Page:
In a new RAND Corporation Study that evaluated the quality of mental health care in the United States military, researchers found both areas of excellence and others in need of improvement.
For the study, researchers reviewed the administrative data and medical records of 14,576 active-duty service members who were diagnosed with post-traumatic stress disorder (PTSD) and 30,541 who were diagnosed with depression from January 2012 to June 2012. The review examined whether those service members were receiving evidence-based care in the year after diagnosis.
On the positive side, the military health system appears to perform well in administering crucial follow-up visits with patients after they are discharged from a mental health hospitalization. This is a vulnerable time for newly released patients and follow-up visits are extremely important.
The researchers also found that a large majority of patients with a diagnosis of PTSD or depression received at least one psychotherapy visit, suggesting that these patients have access to at least some mental health care.
However, the findings show a need for improvement in some areas of care. Although most patients received at least one psychotherapy visit, the number and timing of subsequent visits may be inadequate to provide evidence-based psychotherapy, according to the researchers.
Specifically, patients newly diagnosed with either PTSD or depression should have at least four psychotherapy or two medication management visits within eight weeks of their diagnosis. Only one-third of patients newly diagnosed with PTSD and under a quarter of those with depression received this type of care.
The study also looked at differences in health care quality according to service branch — Army, Air Force, Marine Corps, and Navy — and TRICARE region (North, South, West, and Overseas) as well as across service member characteristics. TRICARE is a health care program of the military health system.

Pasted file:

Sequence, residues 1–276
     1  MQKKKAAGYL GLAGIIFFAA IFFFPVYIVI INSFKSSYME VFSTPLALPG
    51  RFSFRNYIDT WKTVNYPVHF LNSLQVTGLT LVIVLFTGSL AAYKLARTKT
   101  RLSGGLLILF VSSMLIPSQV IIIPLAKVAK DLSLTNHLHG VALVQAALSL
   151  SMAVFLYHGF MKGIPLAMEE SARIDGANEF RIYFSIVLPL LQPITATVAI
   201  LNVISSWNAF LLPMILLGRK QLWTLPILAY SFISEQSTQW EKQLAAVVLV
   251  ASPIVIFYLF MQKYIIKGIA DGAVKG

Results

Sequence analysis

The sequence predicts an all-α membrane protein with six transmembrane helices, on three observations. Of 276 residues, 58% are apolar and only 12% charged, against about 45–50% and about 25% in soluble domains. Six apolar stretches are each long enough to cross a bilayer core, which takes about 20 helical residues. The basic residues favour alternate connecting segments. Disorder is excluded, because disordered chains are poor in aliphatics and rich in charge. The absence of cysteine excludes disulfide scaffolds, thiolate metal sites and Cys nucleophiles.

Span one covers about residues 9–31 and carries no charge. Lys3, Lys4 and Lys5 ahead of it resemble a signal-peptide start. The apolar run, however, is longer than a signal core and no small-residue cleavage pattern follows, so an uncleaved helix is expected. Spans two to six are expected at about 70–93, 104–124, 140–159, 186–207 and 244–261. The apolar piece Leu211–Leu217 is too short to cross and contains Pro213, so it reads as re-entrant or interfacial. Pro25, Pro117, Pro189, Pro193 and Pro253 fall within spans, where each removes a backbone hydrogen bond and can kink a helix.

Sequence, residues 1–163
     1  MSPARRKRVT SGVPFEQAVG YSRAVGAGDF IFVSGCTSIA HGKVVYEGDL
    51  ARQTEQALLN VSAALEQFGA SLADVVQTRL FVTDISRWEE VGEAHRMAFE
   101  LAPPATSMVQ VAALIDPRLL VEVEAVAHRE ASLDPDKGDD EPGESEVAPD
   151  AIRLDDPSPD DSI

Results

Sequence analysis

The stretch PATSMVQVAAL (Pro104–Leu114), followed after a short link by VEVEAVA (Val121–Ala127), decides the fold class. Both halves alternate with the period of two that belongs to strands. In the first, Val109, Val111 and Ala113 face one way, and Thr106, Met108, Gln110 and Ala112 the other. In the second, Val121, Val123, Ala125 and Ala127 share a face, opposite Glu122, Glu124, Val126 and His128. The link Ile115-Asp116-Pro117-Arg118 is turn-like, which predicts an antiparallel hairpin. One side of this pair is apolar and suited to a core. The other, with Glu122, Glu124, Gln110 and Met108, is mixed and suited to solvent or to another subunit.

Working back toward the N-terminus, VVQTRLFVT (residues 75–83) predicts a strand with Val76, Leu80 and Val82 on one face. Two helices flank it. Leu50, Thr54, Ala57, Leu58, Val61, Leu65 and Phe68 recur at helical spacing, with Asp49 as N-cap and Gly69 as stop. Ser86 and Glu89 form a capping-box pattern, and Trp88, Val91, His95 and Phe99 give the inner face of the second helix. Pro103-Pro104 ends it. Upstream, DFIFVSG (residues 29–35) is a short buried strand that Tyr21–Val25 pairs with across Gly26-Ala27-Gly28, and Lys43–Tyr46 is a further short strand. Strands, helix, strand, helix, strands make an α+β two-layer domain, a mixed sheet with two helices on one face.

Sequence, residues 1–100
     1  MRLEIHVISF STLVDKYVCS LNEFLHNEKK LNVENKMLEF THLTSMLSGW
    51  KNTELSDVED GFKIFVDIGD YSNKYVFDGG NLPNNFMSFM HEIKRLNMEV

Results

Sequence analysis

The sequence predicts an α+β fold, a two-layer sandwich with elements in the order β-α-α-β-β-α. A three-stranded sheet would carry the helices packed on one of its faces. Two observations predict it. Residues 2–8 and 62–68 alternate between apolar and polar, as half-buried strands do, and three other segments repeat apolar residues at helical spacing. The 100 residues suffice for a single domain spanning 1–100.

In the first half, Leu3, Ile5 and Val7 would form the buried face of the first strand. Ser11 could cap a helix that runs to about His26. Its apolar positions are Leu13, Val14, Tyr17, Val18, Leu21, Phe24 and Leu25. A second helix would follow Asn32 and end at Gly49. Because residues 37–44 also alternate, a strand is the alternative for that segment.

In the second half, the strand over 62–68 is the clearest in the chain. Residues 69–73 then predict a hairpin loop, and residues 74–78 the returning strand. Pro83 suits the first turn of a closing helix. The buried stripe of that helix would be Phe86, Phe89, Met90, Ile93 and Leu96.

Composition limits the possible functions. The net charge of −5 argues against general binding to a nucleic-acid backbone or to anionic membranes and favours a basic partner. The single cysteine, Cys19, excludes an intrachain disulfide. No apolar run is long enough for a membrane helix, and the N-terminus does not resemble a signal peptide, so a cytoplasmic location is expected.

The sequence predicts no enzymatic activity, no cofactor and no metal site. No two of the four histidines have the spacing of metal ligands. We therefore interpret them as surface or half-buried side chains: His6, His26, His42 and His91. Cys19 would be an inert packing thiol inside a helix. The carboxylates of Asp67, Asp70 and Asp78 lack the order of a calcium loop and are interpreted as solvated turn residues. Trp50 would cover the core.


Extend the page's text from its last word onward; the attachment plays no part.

While the researchers found differences in the quality of care provided for PTSD and depression, no military branch or region consistently outperformed or underperformed relative to the others. The findings also showed no consistent patterns of variation in the quality of care by patient characteristics, such as age, gender, pay grade, race-ethnicity, or deployment history.
The findings are among the first results from the RAND study that is the largest, most-comprehensive independent look at how the U.S. military health system treats service members with PTSD and depression.
“Regardless of where they serve, where they live or who they are, all members of the U.S. armed forces should receive high-quality mental health care,” said Dr. Kimberly A. Hepner, lead author of the study and a clinical psychologist at RAND, a nonprofit research organization.
“Developing transparent assessments of care that can be routinely reviewed both internally and externally are essential to ensuring excellent care for all service members and their families.”